“Since I only saw one person like me very late into my education, I want to present some sort of visibility to younger people or even people who aren’t ready to come out yet, to see another person living a fulfilling life and not too worried about what people think or society says,” she said. “Earlier this year, I went back to Singapore and reached out to my all-girls high school as part of my STEM outreach. I shared my story to inspire more young women to pursue math and science.

“I’m not a girl with long hair, I look kind of different, and I’m pursuing engineering at a good company. I can make a huge difference just by being my authentic self and bringing my unique lens to this important work.”

Syed Jawad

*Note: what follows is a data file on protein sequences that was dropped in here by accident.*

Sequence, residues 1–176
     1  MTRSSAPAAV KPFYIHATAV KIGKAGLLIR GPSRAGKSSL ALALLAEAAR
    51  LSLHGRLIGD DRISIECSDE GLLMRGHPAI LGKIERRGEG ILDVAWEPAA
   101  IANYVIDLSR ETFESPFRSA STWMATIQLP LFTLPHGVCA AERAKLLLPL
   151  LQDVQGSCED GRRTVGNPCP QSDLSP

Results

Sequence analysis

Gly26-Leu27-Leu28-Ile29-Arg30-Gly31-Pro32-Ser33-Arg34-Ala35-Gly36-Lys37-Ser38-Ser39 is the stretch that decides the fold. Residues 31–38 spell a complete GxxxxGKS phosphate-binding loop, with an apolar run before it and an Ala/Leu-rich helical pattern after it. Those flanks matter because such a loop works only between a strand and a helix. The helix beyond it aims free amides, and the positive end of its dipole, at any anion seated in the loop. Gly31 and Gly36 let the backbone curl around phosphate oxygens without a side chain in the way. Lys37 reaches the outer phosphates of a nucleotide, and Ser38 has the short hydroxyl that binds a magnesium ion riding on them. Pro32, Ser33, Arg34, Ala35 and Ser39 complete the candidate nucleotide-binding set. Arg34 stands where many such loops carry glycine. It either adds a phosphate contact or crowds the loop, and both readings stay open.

Syed Jawad image

Senior Project Manager, Business Operations, Boeing Commercial Airplanes

Pronouns: he/him/his

 

Jawad is helping to open some special doors. In his work on VC-25B — otherwise known as the next Air Force One — he’s leading the project team that’s designing and producing specialized mechanisms to help open and close the aircraft doors using built-in stairs. These doors are unique to the VC-25B aircraft compared to other 747-8s, the Boeing commercial airplane on which VC-25B is based.

“It sounds simple, but it’s quite complicated,” Jawad said. “I work with an amazing team — manufacturing engineers, industrial engineers, supply chain partners, so many more — and we all share the credit for how much has gone into this project, and we support each other to speak up, raise issues and work together to find solutions.”

That courage to speak up has played a role in Jawad’s LGBTQ+ journey as well. When he came out to his family while in college, they at first didn’t believe him. That disbelief eventually turned into an ultimatum: either leave his life in Chicago to move to St. Louis with his parents or stay in Chicago and be on his own. Not having the financial means to support himself, Jawad went with his parents.